Rohingya refugees await the arrival of a U.N. Security Council team at the Kutupalong Rohingya refugee camp in Kutupalong, Bangladesh, April 29, 2018.
© 2018 AP Photo/A.M. Ahad
A week of legal proceedings at the International Court of Justice in the Hague ended with Gambia making a plea for the judges to move swiftly and ensure that justice for the Rohingya is delayed no longer.
On February 28, the hearings on Myanmar’s preliminary objections to Gambia’s case on the alleged genocide against Rohingya Muslims in Myanmar came to a close. Yet the court could take a year before it decides on whether the case can proceed. In the meantime, the court’s 2020 order to protect the 600,000 Rohingya remaining in Myanmar is still in place, providing a measure of protection. If the case proceeds, it would take several years before the court reaches a judgment.
While the representation of Myanmar at the court by junta officials has raised concerns, some Rohingya activists have welcomed hearing directly from those considered responsible for the atrocities in northern Rakhine State.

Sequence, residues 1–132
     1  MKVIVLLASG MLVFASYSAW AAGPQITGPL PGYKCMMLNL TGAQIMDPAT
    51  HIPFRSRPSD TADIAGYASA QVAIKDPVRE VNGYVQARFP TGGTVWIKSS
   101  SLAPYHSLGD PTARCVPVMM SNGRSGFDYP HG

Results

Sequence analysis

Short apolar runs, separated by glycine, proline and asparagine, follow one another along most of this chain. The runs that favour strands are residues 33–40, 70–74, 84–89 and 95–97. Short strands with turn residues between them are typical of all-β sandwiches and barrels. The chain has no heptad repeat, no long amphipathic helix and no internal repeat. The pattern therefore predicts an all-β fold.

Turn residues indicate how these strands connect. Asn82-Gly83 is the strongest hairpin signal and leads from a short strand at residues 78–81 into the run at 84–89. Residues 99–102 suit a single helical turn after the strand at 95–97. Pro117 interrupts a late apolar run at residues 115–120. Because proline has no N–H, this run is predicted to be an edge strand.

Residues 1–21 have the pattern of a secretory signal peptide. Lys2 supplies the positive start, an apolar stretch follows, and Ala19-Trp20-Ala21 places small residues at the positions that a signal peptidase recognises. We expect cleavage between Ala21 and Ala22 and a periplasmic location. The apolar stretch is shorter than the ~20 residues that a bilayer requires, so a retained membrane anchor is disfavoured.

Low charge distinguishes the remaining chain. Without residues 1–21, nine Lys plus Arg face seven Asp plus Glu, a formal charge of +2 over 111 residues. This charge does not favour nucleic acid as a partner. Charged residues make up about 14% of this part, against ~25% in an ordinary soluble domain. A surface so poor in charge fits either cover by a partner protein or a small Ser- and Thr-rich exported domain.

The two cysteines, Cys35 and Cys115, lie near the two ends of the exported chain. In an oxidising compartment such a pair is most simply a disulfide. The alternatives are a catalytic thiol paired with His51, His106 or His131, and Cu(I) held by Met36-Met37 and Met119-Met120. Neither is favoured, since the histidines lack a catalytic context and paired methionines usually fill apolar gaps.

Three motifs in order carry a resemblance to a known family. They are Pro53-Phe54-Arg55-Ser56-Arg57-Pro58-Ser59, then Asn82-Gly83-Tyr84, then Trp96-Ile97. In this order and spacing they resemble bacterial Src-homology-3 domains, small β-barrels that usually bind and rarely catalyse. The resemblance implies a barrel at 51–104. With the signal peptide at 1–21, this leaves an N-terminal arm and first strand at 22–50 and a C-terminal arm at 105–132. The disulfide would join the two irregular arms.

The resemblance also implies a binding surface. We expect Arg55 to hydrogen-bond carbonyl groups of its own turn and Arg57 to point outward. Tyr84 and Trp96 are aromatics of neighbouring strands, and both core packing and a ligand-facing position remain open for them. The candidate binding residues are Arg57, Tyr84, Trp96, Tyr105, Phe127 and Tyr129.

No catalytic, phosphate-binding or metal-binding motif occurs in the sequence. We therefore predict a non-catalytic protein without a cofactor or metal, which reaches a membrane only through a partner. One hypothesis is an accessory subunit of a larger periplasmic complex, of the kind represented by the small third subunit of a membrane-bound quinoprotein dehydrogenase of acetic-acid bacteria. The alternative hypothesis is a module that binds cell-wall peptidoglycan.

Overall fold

Rohingya activist Yasmin Ullah says watching the perpetrators of mass violence face the court has even been cathartic. “We have not heard once from the military in a legal court as they have always acted by proxy,” she said in a recent discussion.
The momentum to hold Myanmar’s military accountable is building, with a universal jurisdiction case underway in Argentina and an investigation at the International Criminal Court into crimes against humanity connected to the forced deportation of Rohingya to neighboring Bangladesh.
Achieving justice for the Rohingya has far-reaching consequences for all those who have suffered at the hands of Myanmar’s military. Abuses against the Rohingya have now echoed throughout Myanmar, as the commanders who oversaw the atrocities against the Rohingya and led a military coup more than a year ago are now carrying out apparent crimes against humanity against other groups across Myanmar.
In its closing statements, Gambia argued that Myanmar’s objections to the genocide case were merely a delaying tactic, and that any further delay in the proceedings may risk further atrocities against the Rohingya. If the case proceeds, Myanmar will need to respond to Gambia’s factual allegations that its security forces took part in a genocidal campaign against the Rohingya, an opportunity that many victims and their families have long been waiting for.